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Olympus PEN E-PL1 review: Olympus PEN E-PL1

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The Good Excellent build quality; very good photo quality; can shoot raw+JPEG in every mode, including Art Filters and iAuto.

The Bad Slow, with sluggish autofocus; short battery life; low-resolution LCD.

The Bottom Line Reasonably priced for an interchangeable-lens model, with the same high-quality photos of its siblings, the E-PL1 nevertheless suffers from slow performance that makes it a poor choice for snapshooters looking to upgrade.

7.4 Overall
  • Design 8
  • Features 8
  • Performance 6
  • Image quality 8

The first round of interchangeable-lens cameras offered a lot to appeal to enthusiasts, but at prices upward of $800, they weren't quite a no-brainer for point-and-shooters in search of an upgrade. The bigger sensors in these models can generally deliver better photo quality at somewhat higher ISO sensitivities than the smaller snapshot models and they support video capture, but the alternative has been the moderately larger dSLRs with action-friendly optical viewfinders and kit prices starting at a significantly lower $600. Even the Panasonic Lumix DMC-GF1, which delivers the right set of performance and features for these folks in a compact, attractive design, comes in at an ouch-worthy $900 or so. Olympus' sleek E-P1 and E-P2 have attracted a lot of attention, but without a built-in flash they're simply not the right camera for snapshooters, especially at their relatively high prices. So Olympus is trying again to lure this lucrative audience to its Micro Four Thirds camp, this time with the more consumer-friendly designed and priced E-PL1.

If you're one of the crowd attracted by the low price, though, keep in mind that even though both Olympus and Panasonic make compatible lenses for the system, because it's much newer there are still a lot fewer choices in Micro Four Thirds lenses than for dSLRs, and they tend to be more expensive than their SLR-compatible counterparts. For example, Olympus' 14-42mm lens lists for $299, whereas both Canon and Nikon's staple dSLR 18-55mm lenses run $199. The Micro Four Thirds lenses and bodies are more compact, though, and people are historically willing to pay more for less bulk.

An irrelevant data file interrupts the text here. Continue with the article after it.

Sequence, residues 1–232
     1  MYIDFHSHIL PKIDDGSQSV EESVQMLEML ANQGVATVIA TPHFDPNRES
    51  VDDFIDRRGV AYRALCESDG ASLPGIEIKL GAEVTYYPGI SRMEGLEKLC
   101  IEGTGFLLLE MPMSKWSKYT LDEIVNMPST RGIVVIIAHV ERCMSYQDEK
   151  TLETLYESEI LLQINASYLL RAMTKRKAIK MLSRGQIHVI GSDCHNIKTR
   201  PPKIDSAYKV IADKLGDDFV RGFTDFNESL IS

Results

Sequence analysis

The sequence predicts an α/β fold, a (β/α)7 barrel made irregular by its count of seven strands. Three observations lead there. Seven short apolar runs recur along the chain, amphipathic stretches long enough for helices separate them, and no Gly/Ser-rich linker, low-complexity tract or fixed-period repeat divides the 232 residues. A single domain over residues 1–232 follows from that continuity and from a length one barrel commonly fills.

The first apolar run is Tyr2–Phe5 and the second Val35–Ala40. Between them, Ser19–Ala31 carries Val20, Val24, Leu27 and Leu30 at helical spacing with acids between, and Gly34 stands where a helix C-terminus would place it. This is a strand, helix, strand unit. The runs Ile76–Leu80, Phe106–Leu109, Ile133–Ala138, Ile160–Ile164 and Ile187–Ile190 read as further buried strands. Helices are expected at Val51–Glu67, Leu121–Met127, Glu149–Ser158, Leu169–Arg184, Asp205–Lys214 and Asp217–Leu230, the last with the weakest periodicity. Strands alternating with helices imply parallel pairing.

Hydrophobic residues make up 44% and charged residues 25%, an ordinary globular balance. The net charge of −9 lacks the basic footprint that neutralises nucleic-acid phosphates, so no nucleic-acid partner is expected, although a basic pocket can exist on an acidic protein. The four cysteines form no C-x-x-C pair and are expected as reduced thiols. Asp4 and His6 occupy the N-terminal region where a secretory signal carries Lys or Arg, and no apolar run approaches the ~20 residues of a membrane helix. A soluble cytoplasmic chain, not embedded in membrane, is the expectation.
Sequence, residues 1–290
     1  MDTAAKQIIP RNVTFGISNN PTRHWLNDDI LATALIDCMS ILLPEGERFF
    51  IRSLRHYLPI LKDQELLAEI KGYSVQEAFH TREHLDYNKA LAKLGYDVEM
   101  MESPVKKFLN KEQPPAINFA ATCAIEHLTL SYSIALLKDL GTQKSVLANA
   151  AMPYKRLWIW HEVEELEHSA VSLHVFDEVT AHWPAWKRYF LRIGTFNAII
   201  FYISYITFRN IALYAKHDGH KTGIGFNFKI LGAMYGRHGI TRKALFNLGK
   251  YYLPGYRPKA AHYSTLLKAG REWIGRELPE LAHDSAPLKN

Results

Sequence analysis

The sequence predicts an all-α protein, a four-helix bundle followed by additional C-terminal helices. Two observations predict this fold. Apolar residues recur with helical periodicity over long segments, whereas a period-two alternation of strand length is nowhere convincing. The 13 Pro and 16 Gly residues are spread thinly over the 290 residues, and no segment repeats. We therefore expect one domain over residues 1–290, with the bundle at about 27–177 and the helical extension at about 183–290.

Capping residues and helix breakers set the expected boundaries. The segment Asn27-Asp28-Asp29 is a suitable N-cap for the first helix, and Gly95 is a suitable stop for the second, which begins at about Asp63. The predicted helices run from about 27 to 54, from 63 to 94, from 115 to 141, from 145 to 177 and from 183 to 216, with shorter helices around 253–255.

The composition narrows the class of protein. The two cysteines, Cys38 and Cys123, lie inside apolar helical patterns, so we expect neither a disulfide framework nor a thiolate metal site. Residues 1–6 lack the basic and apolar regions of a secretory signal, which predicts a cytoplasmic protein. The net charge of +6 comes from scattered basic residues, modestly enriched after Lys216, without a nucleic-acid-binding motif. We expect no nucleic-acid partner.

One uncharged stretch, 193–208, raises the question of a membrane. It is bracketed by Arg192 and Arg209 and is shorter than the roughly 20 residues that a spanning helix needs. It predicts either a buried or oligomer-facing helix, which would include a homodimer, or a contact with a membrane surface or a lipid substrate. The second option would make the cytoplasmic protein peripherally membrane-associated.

Olympus E-PL1 Olympus E-P1 Olympus E-P2
Sensor (effective resolution) 12.3-megapixel Live MOS 12.3-megapixel Live MOS 12.1-megapixel Live MOS
17.3mm x 13mm 17.3mm x 13mm 17.3mm x 13mm
Color depth n/a 12 bits 12 bits
Sensitivity range ISO 100 - ISO 3,200 ISO 100 - ISO 3,200 ISO 100 - ISO 3,200
Focal-length multiplier 2x 2x 2x
Continuous shooting 3.0 fps
3.0 fps
n/a JPEG/ 10 raw
3.0 fps
12 JPEG/ 10 raw
Viewfinder Optional plug-in articulating EVF None Plug-in articulating EVF
Autofocus 11-area contrast AF 11-area contrast AF 11-area contrast AF
Metering 324 area 324 area 324 area
Shutter 60-1/2000 sec; bulb to 30 minutes 60-1/4000 sec; bulb to 30 minutes 60-1/4000 sec; bulb to 30 minutes
Flash Yes No No
LCD 2.7-inch fixed
230,000 dots
3-inch fixed
230,000 dots
3-inch fixed
230,000 dots
Image stabilization Sensor shift Sensor shift Sensor shift
Video (max resolution at 30fps) 720p Motion JPEG AVI 720p Motion JPEG AVI 720p Motion JPEG AVI
Audio I/O Mic None Mic
Battery life (CIPA rating) 290 shots 300 shots 300 shots
Dimensions (WHD, inches) 4.5 x 2.8 x 1.6 4.7 x 2.8 x 1.4 4.7 x 2.8 x 1.4
Weight (ounces) 12.4 (without EVF) 13.9 13.8; 14.9 (with EVF)
Mfr. Price est. $549 (body only) est. $599.95 (body only)
$599.99 (with 14-42mm f3.5-5.6 lens) $799.99 (with 14-42mm f3.5-5.6 lens) $1,099.99 (with 14-42mm f3.5-5.6 lens)
n/a $899.99 (with 17mm f2.8 lens and optical viewfinder)
$1,099.99 (with 17mm f2.8 lens)

Though the elder E-P models mimic a traditional film design, the E-PL1 takes its design cues from digital cameras like the Canon PowerShot G series and Panasonic Lumix LX models. The plastic and aluminum body doesn't feel quite as tanklike as the E-P models, but it feels sturdy, with a relatively large, comfortable grip. Still, I found it just a tad slipperier to hold than I'd like, especially with winter-dry hands. It outdoes its sibling models by adding a dedicated video-record button, though there's also a movie mode on the dial.